When it comes to investing in real estate, it can be difficult to finance the initial purchases. In many cases, those who would like to invest in rental properties don’t—simply because they don’t think they can.
But, did you know you can actually purchase rental homes with your IRA?
Here’s the deal…
What is an IRA?
An IRA, or Individual Retirement Account, is a form of retirement plan utilized by a large population of the US. These accounts, hosted by a range of large financial institutions, provide tax advantages which a regular savings account would not, making them a popular choice for growing retirement funds.
Many people opt to use what is called a self-directed IRA. Self-directed IRAs are slightly different than a traditional IRA in the fact that they allow you to invest in other avenues, such as stocks, bonds, options, mutual funds, ETFs, and REITs.
But, they are also great for investing in real estate.
Rules to Using an IRA to Invest in Rental Properties
Using an IRA to invest in real estate isn’t a simple cut and dry process, but it is very do-able—even for first time investors. The major point of notice when attempting to do this type of transaction is to realize that you and your IRA are not a joint task force. The entire process has to be overseen by a legal custodian to ensure there are no violations of the rules put in place to govern these types of transactions. The custodian will manage the entire process, including any buying/selling transactions, associated paperwork, and financial reporting. A custodian will charge a fee for the service, so make sure to account for that in your budgeting.
Most importantly, you need to understand that your IRA owns the property—not the other way around.
There are several strict regulations put into place that govern this property, too. The property must be used to generate an investment income, not a personal income. It also cannot be used as a vacation home, an office, or rented to family members. It also has to be a new purchase, not one which you already owned.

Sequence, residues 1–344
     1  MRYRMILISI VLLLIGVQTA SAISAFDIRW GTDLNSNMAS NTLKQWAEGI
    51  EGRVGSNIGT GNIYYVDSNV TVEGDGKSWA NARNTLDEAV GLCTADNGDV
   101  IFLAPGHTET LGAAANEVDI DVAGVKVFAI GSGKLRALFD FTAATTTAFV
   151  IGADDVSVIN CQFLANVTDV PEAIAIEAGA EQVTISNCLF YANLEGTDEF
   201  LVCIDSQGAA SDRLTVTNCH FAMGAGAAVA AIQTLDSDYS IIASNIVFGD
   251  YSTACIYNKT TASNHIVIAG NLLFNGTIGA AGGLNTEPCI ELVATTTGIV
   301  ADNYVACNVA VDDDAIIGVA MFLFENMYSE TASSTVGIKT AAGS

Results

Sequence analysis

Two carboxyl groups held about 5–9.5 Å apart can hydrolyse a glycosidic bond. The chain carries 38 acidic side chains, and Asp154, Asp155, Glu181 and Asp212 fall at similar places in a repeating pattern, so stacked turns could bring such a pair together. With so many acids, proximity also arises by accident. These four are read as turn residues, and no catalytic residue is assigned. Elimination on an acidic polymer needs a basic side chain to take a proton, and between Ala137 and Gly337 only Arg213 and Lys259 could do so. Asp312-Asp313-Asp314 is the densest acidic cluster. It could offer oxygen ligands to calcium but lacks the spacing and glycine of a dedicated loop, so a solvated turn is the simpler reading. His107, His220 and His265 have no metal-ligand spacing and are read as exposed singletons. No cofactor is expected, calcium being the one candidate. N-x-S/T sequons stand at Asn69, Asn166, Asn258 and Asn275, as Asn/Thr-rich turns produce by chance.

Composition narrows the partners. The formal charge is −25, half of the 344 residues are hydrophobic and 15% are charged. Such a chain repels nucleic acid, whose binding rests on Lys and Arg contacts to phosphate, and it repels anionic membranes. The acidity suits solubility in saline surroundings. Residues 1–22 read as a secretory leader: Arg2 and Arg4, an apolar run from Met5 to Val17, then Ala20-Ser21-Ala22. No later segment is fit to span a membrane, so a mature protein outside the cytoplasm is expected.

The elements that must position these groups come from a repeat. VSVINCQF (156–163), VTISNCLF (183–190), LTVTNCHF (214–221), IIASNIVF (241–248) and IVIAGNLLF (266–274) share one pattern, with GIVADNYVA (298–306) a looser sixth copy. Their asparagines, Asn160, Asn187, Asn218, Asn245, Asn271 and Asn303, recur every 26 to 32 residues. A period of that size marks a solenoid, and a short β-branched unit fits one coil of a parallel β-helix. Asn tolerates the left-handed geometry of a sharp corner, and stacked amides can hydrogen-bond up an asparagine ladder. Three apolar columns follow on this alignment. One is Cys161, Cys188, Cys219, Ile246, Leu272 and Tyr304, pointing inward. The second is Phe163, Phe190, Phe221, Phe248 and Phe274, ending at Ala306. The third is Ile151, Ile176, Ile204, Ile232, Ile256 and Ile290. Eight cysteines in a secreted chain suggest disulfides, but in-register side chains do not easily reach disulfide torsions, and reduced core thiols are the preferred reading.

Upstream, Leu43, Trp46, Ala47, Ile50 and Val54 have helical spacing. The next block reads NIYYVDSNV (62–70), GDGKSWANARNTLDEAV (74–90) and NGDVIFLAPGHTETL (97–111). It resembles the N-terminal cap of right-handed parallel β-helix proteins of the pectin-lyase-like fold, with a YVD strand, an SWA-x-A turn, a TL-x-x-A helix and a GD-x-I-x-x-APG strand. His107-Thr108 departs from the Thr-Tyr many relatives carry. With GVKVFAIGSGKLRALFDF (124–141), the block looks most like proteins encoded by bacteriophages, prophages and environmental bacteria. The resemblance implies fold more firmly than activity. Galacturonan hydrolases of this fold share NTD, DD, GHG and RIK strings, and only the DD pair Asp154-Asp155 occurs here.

Things to Know about Using an IRA to Invest in Rental Properties
As the property will be owned by your IRA, not you, there are a few snags that you need to be aware of. When you purchase a property using an IRA, any expenses incurred by the property—such as maintenance—comes out of your IRA’s funds, not yours. Of course, this also means that any income generated by the property returns to the IRA, not to your pocket. If you are looking to purchase property to add a monthly income to your checking account, this isn’t the way to do it. However, if you are looking to add to your tax-free IRA account to save towards retirement, then this is a great way to accomplish that.
Another important different to be aware of when using an IRA to purchase property is the tax situation. As an IRA is already exempt from incurring taxes and the IRA will own the property, you are therefore exempt from collecting any of the tax deductions that accompany owning a rental property. In addition, if the property is purchased by the IRA you are unable to pay for any repairs, maintenance, or updates to the property out of your pocket—so be sure your IRA has plenty of available funding before moving forward with this route.
Selling your Rental Property
When it comes time to sell the property, the process remains relatively the same. You would list the home on the market and wait for a buyer to make an offer. If you accept the offer as is, you would move forward; if not, you simply negotiate as you would with any other real estate holding. Once everyone has agreed upon a final price and any additional terms, then the process begins to differ. Instead of acting on your own behalf during a closing process, the IRA’s custodian handles the remaining process, selling the property on behalf of your IRA. When the sale processes, the money would simply be placed back into your IRA. Depending on your IRA’s form, it will either be tax-deferred or completely tax free.
While it may sound complicated at first, buying a rental home using an IRA is actually much easier than you would think. As the process legally has to be handled by a custodian, you don’t have to worry about the ins and outs. All you have to worry about is researching and vetting the person or financial company you opt to use as your IRA’s custodian and they will take it from there.